If you cannot be a poet, be the poem.
There's an alternative. There's always a third way, and it's not a combination of the other two ways. It's a different way.
If you trust yourself, any choice you make will be correct. If you do not trust yourself, anything you do will be wrong. - Kung Fu, The Legend Continues -
Why would you be afraid of death? It would be an inconvenience. I have a lot of undone things and it's bound to get in the way. But, no, it doesn't scare me at all.
I'm not regretful about dropping acid, but I could have stopped it a little sooner.
You know, I've never actually really believed that death is inevitable. I just think it's a rumor.
I was enough of an acrobat and a gymnast and a dancer and everything else so that I could handle the kung fu, because it's just choreography.
One thing I've noticed is that I can tell when a young actor or a young actress is going to become a huge star. Everybody else will say, "Oh come on, Michelle Pfeiffer, are you kidding?" and I'm pretty much always right about that.
I remember when I did the pilot, and I though no network is going to want to do this. How could that happen? A half Chinese guy walking the old west that doesn't fire one gun and never gets on a horse?
I've worked with a lot of real heavy hitters, and Quentin is maybe heads and shoulders, at least a forehead, above just about anybody I've ever worked with.
The success of the '86 movie with Brandon Lee demanded some kind of continuation. Plus, I had always contemplated a modern version.
I think it may have been Tom Wolfe (if it wasn't, my apologies, Tom, and my apologies to whoever it was) who said in print once, 'David Carradine lives the life that Hunter Thompson only writes about.'
I was involved in a web cartoon of Kung Fu with WB a few years back.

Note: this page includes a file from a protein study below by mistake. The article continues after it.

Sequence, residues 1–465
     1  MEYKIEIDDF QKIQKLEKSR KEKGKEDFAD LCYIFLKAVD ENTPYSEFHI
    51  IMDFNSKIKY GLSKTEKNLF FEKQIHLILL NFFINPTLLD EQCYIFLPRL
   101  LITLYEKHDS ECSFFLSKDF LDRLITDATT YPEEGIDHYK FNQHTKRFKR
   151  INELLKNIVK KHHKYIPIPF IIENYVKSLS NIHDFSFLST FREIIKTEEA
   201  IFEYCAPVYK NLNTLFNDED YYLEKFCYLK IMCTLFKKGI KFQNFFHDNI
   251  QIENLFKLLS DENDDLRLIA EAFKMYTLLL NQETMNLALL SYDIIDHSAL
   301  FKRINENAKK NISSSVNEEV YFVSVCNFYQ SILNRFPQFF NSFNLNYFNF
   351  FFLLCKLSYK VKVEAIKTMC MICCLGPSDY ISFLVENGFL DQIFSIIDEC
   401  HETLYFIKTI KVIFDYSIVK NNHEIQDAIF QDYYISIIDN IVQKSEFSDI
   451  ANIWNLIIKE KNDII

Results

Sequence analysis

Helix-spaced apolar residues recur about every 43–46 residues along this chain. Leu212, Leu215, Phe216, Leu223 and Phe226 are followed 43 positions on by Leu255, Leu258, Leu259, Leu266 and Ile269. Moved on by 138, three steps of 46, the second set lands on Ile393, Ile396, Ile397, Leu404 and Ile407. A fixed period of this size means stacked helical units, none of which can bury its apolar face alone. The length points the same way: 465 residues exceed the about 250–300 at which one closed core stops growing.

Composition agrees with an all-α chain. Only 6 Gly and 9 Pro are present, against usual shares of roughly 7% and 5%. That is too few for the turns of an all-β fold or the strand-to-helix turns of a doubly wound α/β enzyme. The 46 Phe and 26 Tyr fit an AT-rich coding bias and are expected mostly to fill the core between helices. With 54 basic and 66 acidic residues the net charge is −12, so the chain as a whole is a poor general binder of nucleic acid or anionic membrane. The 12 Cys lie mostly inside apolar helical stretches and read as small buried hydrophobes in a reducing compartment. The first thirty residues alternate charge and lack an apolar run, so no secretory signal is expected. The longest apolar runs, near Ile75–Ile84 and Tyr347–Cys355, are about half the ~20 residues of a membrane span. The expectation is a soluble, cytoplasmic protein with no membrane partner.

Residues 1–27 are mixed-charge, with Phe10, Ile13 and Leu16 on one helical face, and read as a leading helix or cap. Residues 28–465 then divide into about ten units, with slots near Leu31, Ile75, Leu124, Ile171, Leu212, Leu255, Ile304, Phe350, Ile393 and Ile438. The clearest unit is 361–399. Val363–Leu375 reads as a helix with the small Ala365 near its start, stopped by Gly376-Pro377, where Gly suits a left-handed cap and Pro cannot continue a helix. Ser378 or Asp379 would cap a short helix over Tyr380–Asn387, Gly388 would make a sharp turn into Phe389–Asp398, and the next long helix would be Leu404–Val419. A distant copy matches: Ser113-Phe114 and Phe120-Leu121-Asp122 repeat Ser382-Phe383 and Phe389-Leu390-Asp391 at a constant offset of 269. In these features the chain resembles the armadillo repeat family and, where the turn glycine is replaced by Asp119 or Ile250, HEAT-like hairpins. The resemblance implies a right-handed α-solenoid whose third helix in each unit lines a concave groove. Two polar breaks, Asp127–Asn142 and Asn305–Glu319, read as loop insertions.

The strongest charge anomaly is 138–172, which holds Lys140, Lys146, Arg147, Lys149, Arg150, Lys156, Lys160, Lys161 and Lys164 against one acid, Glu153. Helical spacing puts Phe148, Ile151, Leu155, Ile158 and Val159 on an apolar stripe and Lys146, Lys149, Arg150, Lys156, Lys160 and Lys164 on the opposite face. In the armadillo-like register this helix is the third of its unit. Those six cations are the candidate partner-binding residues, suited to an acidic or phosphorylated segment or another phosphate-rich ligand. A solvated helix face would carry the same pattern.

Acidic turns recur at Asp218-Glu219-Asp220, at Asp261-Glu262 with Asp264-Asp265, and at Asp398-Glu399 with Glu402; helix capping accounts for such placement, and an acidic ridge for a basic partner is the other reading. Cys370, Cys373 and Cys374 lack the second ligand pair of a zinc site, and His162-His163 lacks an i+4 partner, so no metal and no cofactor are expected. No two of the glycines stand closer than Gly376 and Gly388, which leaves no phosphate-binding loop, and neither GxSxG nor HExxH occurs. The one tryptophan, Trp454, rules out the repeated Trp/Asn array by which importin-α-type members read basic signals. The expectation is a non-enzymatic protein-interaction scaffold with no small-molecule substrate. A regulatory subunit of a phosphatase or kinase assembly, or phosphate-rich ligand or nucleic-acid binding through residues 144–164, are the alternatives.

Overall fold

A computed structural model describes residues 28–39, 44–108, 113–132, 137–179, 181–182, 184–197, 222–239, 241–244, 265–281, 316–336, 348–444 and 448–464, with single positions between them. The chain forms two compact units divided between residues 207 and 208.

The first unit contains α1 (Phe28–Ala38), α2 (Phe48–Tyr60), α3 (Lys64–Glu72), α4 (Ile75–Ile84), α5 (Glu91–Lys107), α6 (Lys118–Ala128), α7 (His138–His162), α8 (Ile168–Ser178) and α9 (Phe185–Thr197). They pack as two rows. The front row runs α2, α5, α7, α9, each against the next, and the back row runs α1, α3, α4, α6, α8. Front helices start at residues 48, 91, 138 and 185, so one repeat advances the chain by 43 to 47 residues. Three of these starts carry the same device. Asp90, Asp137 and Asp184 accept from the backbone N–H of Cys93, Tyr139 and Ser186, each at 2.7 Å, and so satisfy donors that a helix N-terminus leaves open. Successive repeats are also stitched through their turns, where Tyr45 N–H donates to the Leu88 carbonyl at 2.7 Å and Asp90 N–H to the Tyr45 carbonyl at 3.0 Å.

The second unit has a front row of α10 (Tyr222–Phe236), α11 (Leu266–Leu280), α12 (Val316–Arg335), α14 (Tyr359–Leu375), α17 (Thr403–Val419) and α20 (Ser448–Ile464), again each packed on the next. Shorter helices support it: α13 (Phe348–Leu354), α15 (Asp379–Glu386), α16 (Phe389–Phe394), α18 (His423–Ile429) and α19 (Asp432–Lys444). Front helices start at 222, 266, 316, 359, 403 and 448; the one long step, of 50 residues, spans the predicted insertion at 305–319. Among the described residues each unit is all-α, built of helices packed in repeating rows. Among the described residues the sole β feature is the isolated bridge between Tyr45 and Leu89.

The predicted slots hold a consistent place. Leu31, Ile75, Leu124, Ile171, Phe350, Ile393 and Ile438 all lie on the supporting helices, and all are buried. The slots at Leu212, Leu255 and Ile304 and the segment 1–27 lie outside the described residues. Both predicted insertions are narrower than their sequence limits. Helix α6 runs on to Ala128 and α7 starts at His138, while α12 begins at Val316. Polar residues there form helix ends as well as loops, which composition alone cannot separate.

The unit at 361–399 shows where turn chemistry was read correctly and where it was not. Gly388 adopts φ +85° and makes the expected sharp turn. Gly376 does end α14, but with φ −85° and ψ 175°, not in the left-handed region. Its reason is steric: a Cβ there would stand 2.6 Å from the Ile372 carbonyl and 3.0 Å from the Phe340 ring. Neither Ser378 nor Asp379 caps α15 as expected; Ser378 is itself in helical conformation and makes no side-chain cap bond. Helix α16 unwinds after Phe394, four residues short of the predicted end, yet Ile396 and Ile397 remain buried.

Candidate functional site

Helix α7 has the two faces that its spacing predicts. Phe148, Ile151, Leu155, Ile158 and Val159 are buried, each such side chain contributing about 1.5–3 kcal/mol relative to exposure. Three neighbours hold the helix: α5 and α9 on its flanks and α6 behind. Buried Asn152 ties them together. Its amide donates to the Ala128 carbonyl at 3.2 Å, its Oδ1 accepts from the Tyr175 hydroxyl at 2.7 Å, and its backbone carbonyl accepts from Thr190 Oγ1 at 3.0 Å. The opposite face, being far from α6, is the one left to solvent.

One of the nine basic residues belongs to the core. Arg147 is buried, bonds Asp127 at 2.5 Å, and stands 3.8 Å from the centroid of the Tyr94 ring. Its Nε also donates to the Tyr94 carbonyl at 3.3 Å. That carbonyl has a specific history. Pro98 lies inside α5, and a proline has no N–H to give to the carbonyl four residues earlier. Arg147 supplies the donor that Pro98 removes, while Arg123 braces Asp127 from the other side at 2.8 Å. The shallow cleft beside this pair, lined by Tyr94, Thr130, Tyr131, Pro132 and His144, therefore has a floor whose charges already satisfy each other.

My big fight is not in the movie and I don't understand that decision but I know he's right about it, whatever it is. Quentin did not hire me because I'm a kung fu expert; he hired me because he liked to listen to me talk.
Most actors spend a lot of time training themselves to be an actor. And I kind of didn't do that. I just started doin' it in front of an audience and had to deliver.
Tarantino is the coolest damn guy; he's just so much fun to work with. He might be the best director I've ever worked with. He just seems to know how to do it and he knows how to make you feel good about it. He's having so much fun you start having fun. You can't help it.
Because you know how you say I've got to really get down and really do some training and then of course, you never do or you do it for a couple of weeks and slough it back off again but I'm being forced to do something that I really want to do and I loved it.
There are no good guys in a Quentin Tarantino movie. They're all bad guys. And you like us. That's Quentin's big talent.
But, Tarantino has seen all of my movies. He's seen my good stuff, he's seen my bad stuff, he's seen the ones I directed, he's read my autobiography. There's an awful lot of things he knows about me, all of which I think had something to do with his casting.
Quentin and I were constantly finding something new that we had in common and comic books were one of them. I think we were talking about comic books much earlier in our relationship, before I had the part.
Born to play? Hmmm. Probably Romeo... or Hamlet, I guess. Also, I'd be a great Alexander the Great.
I don't need to convince anybody that I know kung fu, but maybe somebody needs to know that I really can act, without doing a Chinese accent or a funny walk.
It was pretty extensive - we worked out 8 hours a day, 5 days a week, for 3 months, which I think is more than anybody in the Olympics. I thought well I don't need this, the girls need it, but it was a gift.
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